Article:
Once this Elm tree gets big enough it will succumb to Dutch Elm Disease, but by then there are new shoots will carry on the cycle.


Ref: DF3_20180422_1508_045 Grey Squirrel female climbing Elm tree to eat exhumed Hazelnut 2 of 2 (crop).jpg

Hunt the Flea?


Ref: E60_20180422_1814_050_FB3 Grey Squirrel preening tail.jpg

07 Jun 2018

This orange tip is newly emerged and flutters seemingly non-stop in search of a mate. Only the male has the gorgeous orange tips, but both sexes have the beautiful green and white patterning over the underneath of the rear wings, and along the edge of the forewing which perfectly lines up when the insect closes it's wings. Amazing!


Ref: DF3_20180503_1557_070 Orange-tip butterfly male showing patterned underwing (crop 2).jpg

A Green-veined White butterfly stops to tank-up on some Lady's Smock (Cuckoo Flower) flowers that grow all around the edge of the main pond and the main pond island. The butterfly takes it's name for the patterning under the wing.


Ref: DF3_20180425_0925_128 Green-veined White Butterfly feeding on Ladys Smock (Cuckoo Flower) Flower (Cuckooflower) (crop).jpg

A male Small White Butterfly (commonly called Cabbage White) stops off for a re-fuel on this Dandelion flower.


Ref: DF3_20180422_1345_034 Small White Butterfly male feeding on Dandelion (crop 2).jpg

06 Jun 2018

The clay soil along the crop margins makes a good medium for catching animal tracks. On the right a Roe Deer leaves Hoof prints, and on the upper left a badger shows us the wonderful claws.


Ref: DF3_20180421_1228_091+1228_094 Roe Deer hoof prints (right) and Badger Paw prints (left) in mud north boundary (montage).jpg

The female Reeves Muntjac Deer wandering over the Mound, then for some reason gazing upwards.


Ref: BU2_20180420_2011_463+467_SC7 Muntjac Reeves Deer female wandering up mound and looking upwards (montage).jpg

Badger visits to the mound over 3 nights.


Ref: BU2_20180420_2259_491+20180421_0337_510+20180422_2226_911_SC7 Badger visits to Round Mound (montage).jpg

05 Jun 2018

This beautifully restored/maintained 105 year old Model T Ford makes a really rather refined progress down to the industrial units, making his way back 10 minutes later. Top left of the montage is the detail of the polite notice affixed to the back. We notice that it is left-hand drive as one would expect for an American model - right hand drive versions are apparently now very rare. Googling finds this actual car portraying an Army WW1 Staff car.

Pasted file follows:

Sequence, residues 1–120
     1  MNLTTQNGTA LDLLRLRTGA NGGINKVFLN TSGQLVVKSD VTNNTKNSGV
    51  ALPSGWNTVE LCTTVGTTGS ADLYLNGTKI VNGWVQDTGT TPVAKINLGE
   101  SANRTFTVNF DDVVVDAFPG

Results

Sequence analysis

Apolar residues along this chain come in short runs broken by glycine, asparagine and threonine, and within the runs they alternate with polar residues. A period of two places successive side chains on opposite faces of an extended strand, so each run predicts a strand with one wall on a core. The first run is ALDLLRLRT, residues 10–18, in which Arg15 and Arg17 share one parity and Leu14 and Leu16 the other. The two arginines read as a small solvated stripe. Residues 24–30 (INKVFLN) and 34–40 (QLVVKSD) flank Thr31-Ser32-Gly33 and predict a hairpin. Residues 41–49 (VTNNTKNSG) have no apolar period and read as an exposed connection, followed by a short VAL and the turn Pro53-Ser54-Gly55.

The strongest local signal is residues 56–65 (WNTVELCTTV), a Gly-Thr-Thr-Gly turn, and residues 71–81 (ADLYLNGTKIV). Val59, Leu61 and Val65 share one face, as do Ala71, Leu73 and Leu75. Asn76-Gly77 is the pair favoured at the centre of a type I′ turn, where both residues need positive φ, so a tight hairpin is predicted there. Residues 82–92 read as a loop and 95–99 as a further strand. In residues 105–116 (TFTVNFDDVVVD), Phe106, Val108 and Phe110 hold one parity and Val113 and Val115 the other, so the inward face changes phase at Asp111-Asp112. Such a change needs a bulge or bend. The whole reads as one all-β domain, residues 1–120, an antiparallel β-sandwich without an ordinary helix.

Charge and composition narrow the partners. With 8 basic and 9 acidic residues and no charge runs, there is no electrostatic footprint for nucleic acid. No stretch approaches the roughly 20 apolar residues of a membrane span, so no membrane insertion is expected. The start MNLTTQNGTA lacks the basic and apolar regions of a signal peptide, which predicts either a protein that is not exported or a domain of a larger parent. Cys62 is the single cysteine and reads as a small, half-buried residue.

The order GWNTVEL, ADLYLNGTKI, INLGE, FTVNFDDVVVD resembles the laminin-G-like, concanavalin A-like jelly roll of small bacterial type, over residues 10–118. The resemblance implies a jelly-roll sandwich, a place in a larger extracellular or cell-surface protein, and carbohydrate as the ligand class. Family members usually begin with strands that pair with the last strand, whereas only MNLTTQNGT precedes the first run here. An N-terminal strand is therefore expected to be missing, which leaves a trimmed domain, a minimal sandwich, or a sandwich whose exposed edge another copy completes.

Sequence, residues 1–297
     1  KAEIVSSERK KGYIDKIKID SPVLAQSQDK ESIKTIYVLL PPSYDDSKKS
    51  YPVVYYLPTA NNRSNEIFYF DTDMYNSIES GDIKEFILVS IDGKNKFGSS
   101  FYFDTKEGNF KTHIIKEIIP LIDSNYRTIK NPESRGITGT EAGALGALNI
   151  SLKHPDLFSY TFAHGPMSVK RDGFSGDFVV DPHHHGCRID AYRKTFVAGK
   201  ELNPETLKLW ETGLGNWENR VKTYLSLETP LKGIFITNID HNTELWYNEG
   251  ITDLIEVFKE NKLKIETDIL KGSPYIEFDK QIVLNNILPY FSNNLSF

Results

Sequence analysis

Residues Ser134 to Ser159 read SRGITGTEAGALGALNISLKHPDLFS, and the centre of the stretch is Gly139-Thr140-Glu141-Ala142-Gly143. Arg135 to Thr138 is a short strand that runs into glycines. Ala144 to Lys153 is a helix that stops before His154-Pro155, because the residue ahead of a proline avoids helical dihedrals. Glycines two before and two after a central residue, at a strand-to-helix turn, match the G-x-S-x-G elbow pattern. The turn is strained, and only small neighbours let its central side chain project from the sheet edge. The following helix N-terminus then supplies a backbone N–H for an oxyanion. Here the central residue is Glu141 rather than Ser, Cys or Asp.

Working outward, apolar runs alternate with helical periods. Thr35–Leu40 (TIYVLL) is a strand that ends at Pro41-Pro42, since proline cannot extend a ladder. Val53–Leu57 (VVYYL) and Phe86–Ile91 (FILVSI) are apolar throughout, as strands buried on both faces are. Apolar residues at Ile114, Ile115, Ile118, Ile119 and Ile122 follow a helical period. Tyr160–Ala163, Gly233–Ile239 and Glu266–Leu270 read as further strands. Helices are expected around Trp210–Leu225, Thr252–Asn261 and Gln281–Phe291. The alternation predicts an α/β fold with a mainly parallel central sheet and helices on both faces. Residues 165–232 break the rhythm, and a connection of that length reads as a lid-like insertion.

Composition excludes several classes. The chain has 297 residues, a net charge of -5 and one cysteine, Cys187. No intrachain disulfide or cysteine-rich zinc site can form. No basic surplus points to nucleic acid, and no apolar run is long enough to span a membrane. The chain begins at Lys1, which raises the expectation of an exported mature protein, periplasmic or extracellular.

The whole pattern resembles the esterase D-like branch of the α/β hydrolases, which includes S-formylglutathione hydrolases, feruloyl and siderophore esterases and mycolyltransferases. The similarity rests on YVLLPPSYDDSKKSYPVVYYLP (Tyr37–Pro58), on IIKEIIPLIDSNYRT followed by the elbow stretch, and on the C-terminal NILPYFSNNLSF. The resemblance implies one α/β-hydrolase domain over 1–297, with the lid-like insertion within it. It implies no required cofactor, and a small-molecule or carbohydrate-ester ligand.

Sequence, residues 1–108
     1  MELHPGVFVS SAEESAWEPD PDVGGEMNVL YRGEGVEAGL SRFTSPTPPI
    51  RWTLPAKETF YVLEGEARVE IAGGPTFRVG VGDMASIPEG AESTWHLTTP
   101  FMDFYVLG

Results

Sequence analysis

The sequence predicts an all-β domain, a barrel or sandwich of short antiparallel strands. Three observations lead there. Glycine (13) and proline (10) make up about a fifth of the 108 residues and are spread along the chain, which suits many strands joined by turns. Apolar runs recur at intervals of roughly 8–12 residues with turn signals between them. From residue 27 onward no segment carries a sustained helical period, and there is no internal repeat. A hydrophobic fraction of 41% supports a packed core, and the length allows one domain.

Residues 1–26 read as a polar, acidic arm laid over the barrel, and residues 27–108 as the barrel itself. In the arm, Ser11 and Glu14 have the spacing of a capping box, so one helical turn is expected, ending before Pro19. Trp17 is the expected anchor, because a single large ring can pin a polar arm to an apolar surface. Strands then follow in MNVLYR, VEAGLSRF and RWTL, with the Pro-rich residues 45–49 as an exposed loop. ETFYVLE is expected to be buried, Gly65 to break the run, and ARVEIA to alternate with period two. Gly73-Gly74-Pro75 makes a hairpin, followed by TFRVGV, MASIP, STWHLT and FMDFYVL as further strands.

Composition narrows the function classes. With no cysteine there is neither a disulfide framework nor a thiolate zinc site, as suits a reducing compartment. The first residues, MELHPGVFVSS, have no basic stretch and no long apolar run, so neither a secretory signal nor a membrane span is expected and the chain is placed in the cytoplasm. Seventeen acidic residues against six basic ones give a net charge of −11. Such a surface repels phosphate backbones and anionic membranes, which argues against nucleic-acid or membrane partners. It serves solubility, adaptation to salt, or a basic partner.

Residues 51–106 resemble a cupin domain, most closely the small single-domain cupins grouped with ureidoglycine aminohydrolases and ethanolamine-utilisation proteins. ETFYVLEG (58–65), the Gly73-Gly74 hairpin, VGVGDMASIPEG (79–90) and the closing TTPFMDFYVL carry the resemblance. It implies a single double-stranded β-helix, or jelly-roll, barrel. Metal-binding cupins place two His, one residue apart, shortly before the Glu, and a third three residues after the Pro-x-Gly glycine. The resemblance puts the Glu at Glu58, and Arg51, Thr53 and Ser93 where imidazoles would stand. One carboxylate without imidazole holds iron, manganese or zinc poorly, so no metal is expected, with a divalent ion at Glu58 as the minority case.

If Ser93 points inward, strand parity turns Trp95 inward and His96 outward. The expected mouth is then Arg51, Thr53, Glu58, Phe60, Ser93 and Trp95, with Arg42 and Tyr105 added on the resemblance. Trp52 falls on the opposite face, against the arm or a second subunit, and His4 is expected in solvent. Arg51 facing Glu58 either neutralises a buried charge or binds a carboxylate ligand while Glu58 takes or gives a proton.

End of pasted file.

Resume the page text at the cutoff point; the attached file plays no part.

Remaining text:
Ref: DF3_20180420_1627_059+1636_065 Ford Model T 1913 reg SV 8435 on Farm Road (montage).jpg

04 Jun 2018

Primroses are appearing in clumps all over the site, smiling up at us (or more likely the sunshine)


Ref: DF3_20180418_1055_109 Primrose clump around base of young Ash tree.jpg

03 Jun 2018

Two very different night hunters: Our 'regular' Tawny Owl visits the bird table at the kitchen window - most definitely NOT looking for scraps. We have noticed before that they like to perch on the top of the G-cramp, rather than on the wood.


Ref: E60_20180417_2152_024_FB3 Tawny Owl perched on rounded end of G-Cramp.jpg

Two very different night hunters: We see foxes a few times a week on the trail cam on the mound, but less often at the high resolution photo sites. Here this passing carnivore gives us a look at those effective canine teeth


Ref: E64_20180414_0220_146_FB2 Fox showing canines in partly open mouth.jpg

02 Jun 2018

Here is what we think of as the dominant male pheasant with his Blond plumage.


Ref: E64_20180414_1845_195_FB2 Pheasant male (blond).jpg

At the Woodland site the sun still gets through in the early morning to burnish the plumage of our dark pheasant. Should we call him a brunet?
Blond is male, Blonde is female, Brunet is male, Brunette is female. What a crazy language English is!


Ref: E64_20180416_0847_016_FB2 Pheasant male.jpg

Out in the rain, a be-speckled male Pheasant and not very impressed by the stale piece of cucumber.


Ref: E62_20180415_1601_210_FB5 Pheasant male in rain speckled with drops.jpg

01 Jun 2018

The most advanced Rook nest (in the Black Poplar nearest the house) is now clearly being incubated. We assume that the male at the left has brought some food for the female.
We thought that birds feeding their partner while incubating would have a proper name, but it is mostly called 'courtship feeding' which it isn't. So we are using 'Incubation feeding' as a reasonably short description.


Ref: DF3_20180415_0844_008 Rook pair courtship or incubation feeding by nest 02 of 12 (crop).jpg

A lump of soft looking 'stuff' on it's way to line the Rook's nest.


Ref: DF3_20180420_0726_006+007+009 Rook flying with leaves to nest 1+2+4 of 4 (close spaced montage).jpg